Needless to say, Nick’s character is also different. His relationship with Jordan is closer—Vo’s Jordan is also less detached, and less on a society pedestal, than Fitzgerald’s Jordan, making the attachment natural—though it’s no secret that Nick sees other people when he’s not with her. She does, too, but has far more feelings about his lack of devotion that he does, hinting at her vulnerability even as she claims she doesn’t care. I thought the eventual big reveal about Nick’s personality and nature effective and moving. Coupled with Jordan’s reaction, it made the book for me.

Vo also delves into other long-standing societal problems (namely xenophobia and racism), leaving immigrant Jordan, who is essentially a Dreamer, in a bad and unexpected position. Her interactions with other Vietnamese paper magicians are uncomfortable and leave her feeling like an outsider in two different cultures. Jordan also admits to avoiding Chinatown and other people who look like her, preferring to be a novelty on her own while fearing how white Americans, many of whom are hoping to expel foreigners with a pending bill, would view her in a cluster of Asian immigrants.

Jordan is really the best part of The Chosen and the Beautiful—and to be honest, I think she deserved her own story without Gatsby butting in, a tale inspired by The Great Gatsby rather than a retelling. By The Chosen and the Beautiful‘s poignant end, I wish there had been more Jordan, and maybe no Gatsby at all.

To learn more about this author, visit nghivo.com.

Indie Book Spotlight: Tapestry of Night (Vince)

In a world where only one late-bloomer can save her people from a terrible fate, the time has come…for another Indie Book Spotlight!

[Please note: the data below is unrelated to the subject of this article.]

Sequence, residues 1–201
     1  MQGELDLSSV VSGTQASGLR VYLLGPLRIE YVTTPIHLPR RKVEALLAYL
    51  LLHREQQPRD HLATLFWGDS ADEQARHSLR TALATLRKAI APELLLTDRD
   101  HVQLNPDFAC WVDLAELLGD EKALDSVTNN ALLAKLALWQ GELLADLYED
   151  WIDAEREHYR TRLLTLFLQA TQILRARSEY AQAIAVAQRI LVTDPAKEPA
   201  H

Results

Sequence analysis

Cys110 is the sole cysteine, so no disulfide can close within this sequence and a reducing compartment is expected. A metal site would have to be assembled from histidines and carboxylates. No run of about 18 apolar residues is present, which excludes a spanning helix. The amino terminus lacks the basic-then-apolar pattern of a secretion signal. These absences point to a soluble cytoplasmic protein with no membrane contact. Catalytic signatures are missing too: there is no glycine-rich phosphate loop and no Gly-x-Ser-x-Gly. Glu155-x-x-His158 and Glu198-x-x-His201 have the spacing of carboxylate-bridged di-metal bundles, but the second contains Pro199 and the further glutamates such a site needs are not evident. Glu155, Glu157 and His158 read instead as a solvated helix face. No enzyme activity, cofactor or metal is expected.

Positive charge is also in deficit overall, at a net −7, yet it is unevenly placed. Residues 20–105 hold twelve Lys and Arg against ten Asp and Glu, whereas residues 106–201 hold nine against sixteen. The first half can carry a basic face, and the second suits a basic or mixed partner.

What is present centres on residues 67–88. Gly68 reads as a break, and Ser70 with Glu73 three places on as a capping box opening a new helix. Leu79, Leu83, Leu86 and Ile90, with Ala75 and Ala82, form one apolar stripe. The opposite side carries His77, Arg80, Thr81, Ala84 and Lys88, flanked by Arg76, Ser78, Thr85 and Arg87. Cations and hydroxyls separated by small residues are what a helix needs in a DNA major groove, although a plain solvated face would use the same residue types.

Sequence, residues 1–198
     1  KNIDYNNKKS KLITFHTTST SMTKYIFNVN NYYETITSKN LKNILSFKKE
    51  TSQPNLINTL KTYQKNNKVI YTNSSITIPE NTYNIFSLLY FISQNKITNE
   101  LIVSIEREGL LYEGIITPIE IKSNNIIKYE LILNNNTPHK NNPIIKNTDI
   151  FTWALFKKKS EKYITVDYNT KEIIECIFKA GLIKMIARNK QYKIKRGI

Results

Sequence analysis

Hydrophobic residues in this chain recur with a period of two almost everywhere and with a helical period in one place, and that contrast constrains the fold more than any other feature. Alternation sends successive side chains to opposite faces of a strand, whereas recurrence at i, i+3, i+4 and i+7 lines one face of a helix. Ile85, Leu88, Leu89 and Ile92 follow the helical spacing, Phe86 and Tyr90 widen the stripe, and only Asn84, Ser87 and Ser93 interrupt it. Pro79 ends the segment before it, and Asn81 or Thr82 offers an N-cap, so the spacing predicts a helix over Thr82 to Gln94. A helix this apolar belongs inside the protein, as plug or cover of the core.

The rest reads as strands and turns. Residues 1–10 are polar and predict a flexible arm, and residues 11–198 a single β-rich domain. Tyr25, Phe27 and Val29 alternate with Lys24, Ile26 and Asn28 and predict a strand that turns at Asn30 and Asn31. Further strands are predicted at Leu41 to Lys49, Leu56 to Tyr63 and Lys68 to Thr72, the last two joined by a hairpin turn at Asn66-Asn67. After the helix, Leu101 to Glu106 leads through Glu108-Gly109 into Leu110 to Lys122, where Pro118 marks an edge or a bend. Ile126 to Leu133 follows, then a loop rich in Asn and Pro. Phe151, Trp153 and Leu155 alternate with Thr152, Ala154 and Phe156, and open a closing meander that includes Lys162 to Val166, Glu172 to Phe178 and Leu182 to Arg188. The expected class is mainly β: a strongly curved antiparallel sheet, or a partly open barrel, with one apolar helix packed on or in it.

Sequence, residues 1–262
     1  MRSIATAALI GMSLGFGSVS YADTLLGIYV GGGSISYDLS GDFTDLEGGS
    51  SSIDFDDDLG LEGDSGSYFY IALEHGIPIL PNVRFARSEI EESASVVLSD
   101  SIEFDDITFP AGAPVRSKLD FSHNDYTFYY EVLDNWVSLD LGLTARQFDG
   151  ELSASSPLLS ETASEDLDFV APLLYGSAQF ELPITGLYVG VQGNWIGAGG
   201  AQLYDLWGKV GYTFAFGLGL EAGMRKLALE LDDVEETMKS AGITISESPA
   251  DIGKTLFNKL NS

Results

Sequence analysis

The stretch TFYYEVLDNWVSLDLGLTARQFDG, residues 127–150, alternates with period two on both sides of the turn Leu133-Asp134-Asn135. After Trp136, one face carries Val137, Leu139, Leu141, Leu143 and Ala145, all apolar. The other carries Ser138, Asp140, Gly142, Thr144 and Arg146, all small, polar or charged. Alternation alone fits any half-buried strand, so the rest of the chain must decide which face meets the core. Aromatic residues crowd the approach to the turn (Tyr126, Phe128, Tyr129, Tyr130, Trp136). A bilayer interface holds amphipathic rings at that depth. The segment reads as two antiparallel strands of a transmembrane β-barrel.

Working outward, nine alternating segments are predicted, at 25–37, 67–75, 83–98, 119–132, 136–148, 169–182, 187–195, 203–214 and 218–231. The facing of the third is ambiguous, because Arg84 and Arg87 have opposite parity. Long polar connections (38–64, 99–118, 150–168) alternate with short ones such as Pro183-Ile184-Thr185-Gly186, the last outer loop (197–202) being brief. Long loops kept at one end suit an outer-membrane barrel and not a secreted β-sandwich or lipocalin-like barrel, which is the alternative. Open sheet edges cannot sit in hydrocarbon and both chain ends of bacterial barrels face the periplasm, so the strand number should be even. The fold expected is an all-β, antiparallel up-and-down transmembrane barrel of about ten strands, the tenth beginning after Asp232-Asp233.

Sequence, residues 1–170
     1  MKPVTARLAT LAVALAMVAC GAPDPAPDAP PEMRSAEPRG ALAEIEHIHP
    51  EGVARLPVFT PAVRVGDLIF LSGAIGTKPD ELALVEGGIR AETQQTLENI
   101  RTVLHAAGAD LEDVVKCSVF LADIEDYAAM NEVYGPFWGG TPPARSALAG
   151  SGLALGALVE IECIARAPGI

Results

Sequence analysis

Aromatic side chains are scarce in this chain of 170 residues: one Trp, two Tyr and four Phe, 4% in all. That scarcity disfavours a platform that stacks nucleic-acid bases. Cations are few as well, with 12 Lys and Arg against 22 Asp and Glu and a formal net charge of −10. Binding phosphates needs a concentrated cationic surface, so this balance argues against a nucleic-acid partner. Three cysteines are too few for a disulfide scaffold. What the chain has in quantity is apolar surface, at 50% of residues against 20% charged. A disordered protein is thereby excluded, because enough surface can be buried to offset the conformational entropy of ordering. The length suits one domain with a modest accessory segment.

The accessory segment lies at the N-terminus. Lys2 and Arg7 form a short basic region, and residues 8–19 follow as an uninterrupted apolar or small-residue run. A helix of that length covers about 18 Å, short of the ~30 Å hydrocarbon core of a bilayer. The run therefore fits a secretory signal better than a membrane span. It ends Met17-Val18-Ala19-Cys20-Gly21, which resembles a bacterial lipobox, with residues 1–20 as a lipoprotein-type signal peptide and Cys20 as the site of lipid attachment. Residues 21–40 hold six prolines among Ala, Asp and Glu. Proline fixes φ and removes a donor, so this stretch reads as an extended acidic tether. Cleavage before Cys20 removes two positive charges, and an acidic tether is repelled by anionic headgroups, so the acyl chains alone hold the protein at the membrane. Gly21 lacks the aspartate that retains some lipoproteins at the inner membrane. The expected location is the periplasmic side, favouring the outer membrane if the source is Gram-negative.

Tapestry of Night Review Graphic

The opening chapter of Elm Vince’s Tapestry of Night shows us that fate can be written in the stars—if those stars are charted properly. Thanks to the Stellar Sisters of Celestial Devotion, Cassia is an expert of making natal star charts, and she has an “uncanny intuition” to go with it.

Eventually, Cassia entrusts the reader with the exciting secret that she has the most unusual—and difficult to understand—prophesied fate of anyone. For a magically late-bloomer with no shortage of problems, there seem to be a lot of important roles heading Cassia’s way. Too many, in fact, to be solved in one book.

Which is why I need the next book.

This is Elm Vince’s debut solo series (Vince co-authored the Desert Nights series with Helena Rookwood). Teasers aside, Tapestry of Night really hit all the right notes for me. The tone isn’t overly dark and depressing, the truly bad guys are creepy, the love interests are unlikely and there’s a truly loveable alchemist to boot. The spy plotline is put to very good use. It reminds me of Brandon Sanderson’s The Final Empire (Mistborn series). Fans of Garth Nix’s Abhorsen series will probably love it, too.

There are a lot of details in the opening chapters about monstrous snatchers, mysterious nuns in astrology-themed convents, and a few types of magic. The backstory and said details are never piled on, but carefully set the stage for a riveting story in which the stars are nearly omnipresent. Tapestry of Night is literally and figuratively dark from the beginning, with warm characters and fanciful magic to light the way.

As the nature of the Governance is gradually explained to the reader, things get a whole lot darker. It’s illegal to be a mage in Myrsia, and those with a talent are taken by snatchers to become Governance slaves. They’re also fitted with alloy collars to restrict their magic. In the Governance’s eyes, magic is too dangerous, and the alloy makes it safe (but cruelly useable).

Unlikely spy: struggling to control new magic, Cassia must sneak away to “a quiet shadow in a city of light” in order to study with endearing alchemist Ptolemus.

And then there’s the Defiance. Hidden away in the Rust Desert, the Defiance is the last vestiges of the now-eradicated Guild’s magic-users, but signs of former glory exist in the capital, too. The glasshouses Cassia uses as a rendezvous point was once “created and tended to by the Guild’s earth-signers, housing exotic greenery from across Myrsia and beyond. Now they sit abandoned, the plants slowly trying to reclaim the building.” There’s a lot of horror and decay behind the capital’s pretty veneer.